Here's an interesting paper about why women are under-represented in philosophy. Wesley Buckwalter and Stephen Stich propose that part (but only part) of the explanation is that women's philosophical intuitions differ from men's. When students are presented with philosophical thought experiments (Thomson's famous violinist, Jackson's case of Mary, Foot's trolley cases, Gettier cases, etc.), their study reveals that men and women don't have the same reactions. The authors think women's intuitions may make them feel "different" and thus less inclined to join the profession.
There's a problem though... In several of their cases it's women, not men, who have "the right intuitions"-- the ones that "most people have," as philosophers like to say. How does that square with the exclusion hypothesis? The authors speculate that philosophy is more often taught by men, who are likely to have the intuitions seen more often in men, so female students are likely to find themselves at odds with their professors. The resulting sense of alienation will outweigh whatever validation comes from one's intuitions meshing with a well-known author's.
I'm not so sure about that. One of the thought experiments is Frank Jackson's case of Mary, the color-blind neuroscientist. She learns all the physical facts about the color red. Will she thereby be in a position to know what it is like to see red? The data shows that females are more skeptical than males. Are we really to believe that male philosophy professors are typical males, instead of having Jackson's intuitions--that Mary cannot know what it is like? That would surprise me a great deal. Still, in the majority of the cases Buckwalter and Stich look at, it's men who have "the right intuitions"--the ones that match the author's. That's got to be off-putting for women. What to do? Read the paper for their answer....
The paper got me thinking about other aspects of philosophy that may be off-putting for women (research needed--I'm just speculating). For example, there are the thought experiments themselves. A lot of them are really weird. Both male and female students can be impatient with these things, and it could be that women feel especially that way. The good news is that the thought experiments are easily transposed into the key of real.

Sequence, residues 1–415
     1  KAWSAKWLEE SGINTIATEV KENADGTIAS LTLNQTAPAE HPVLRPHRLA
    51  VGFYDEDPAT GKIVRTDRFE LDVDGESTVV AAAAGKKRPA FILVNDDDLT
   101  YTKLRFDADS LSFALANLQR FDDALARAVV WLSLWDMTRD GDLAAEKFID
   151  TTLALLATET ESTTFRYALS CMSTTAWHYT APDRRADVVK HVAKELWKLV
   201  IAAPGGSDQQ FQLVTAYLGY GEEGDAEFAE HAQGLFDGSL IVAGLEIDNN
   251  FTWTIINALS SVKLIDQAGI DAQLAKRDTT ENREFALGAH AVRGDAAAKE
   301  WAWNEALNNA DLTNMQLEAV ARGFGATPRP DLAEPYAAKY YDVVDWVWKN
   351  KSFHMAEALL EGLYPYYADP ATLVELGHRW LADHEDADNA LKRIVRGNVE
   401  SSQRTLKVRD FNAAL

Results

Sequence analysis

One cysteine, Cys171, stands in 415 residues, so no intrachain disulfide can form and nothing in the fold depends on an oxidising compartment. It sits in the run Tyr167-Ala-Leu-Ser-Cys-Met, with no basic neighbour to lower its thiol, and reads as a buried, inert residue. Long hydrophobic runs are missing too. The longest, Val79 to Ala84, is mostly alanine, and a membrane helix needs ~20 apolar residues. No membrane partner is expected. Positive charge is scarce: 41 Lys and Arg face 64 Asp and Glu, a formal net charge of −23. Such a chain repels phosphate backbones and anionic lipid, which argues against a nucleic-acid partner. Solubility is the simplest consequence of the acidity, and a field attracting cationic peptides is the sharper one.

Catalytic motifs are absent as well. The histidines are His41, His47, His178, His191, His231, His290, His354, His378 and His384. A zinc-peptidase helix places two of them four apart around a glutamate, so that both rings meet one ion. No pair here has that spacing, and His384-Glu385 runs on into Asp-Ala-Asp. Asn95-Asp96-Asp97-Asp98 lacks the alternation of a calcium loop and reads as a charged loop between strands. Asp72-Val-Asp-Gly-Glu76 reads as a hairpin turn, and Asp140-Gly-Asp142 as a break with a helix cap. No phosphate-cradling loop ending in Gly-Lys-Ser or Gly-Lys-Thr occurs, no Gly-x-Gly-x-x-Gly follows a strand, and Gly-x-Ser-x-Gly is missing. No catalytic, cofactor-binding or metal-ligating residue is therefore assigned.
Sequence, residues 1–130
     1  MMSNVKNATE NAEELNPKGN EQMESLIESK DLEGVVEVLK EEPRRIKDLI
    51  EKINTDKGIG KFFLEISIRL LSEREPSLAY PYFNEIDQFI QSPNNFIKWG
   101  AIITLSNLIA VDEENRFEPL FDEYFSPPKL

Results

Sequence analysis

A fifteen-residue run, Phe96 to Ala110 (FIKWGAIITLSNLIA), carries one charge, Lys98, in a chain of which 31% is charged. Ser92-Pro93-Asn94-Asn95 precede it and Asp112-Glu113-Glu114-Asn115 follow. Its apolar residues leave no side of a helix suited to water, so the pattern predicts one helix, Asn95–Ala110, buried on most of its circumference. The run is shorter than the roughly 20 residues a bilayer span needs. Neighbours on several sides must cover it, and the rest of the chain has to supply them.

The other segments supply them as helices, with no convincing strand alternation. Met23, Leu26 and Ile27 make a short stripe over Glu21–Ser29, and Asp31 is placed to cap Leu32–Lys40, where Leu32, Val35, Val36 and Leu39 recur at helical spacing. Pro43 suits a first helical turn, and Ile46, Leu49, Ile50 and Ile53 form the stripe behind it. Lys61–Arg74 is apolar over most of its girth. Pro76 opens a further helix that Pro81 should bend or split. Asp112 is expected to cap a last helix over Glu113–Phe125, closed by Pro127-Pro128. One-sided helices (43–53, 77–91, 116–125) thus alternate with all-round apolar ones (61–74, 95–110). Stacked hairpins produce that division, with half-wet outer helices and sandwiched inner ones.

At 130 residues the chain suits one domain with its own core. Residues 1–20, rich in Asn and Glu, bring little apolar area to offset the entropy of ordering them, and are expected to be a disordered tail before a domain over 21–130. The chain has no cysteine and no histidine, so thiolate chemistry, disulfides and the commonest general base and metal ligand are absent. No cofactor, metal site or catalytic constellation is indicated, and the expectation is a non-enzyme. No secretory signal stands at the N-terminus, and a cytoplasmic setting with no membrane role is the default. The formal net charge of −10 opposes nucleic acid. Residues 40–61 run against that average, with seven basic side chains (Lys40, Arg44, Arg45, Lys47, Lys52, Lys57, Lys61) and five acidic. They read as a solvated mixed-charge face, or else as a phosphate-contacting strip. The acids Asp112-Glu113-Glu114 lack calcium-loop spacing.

Take, for example, Thomson's case of the famous violinist. You are kidnapped by the Society of Music Lovers and hooked up to him, and have to lie next to him for 9 months giving him life support. Granted, he has a right to life; does that mean you have to stay there and keep him alive? The analogy is supposed to help us think about what would follow if a fetus were a person with a right to life. We are supposed to conclude: not much. Women would still have a right to choose abortion.
The violinist story is a lot of fun, but it's not impossible to replace it with a real life story. I don't have the perfect story to suggest, but there's an interesting variation on the violinist theme in Joe Simpson's book Touching the Void. Joe is mountain climbing in the Andes with a friend. The two are connected to each other by a rope, and Joe falls into a deep crevasse. Joe is (of course) a person with a right to life. Does that mean that the friend who is connected to him must stay there trying to save his life? The friend thought otherwise--he cut the cord. Was that permissible or impermissible? For some students, that would be a more engaging question than the one about the violinist.
Another potentially aversive aspect of philosophy classes is the way the most opinionated people are rewarded. If you are "still thinking" and not ready to declare a preference for one view over the others, let alone to defend it tooth and nail, you will get very few pats on the head. The expectation that one will quickly have firm views might be more off-putting to women than to men. And it could be a bigger problem than aggressive combat--a feature of philosophy often said to be particularly bothersome to women. It's fun to fight (isn't it?) when you're 100% sure what you think. Not fun at all when you're still thinking, still trying to understand. In philosophy culture as it is, one must have a view now, not tomorrow, not next week.
[Update: Why would women especially resent the "must have an opinion" culture of philosophy? I can think of lots of possible explanations, but I don't think it's because they're simply slower then men. Heavens!]
So--there are lots of potential factors that could be studied, and if they really do affect men and women differently, some are fairly easily changed.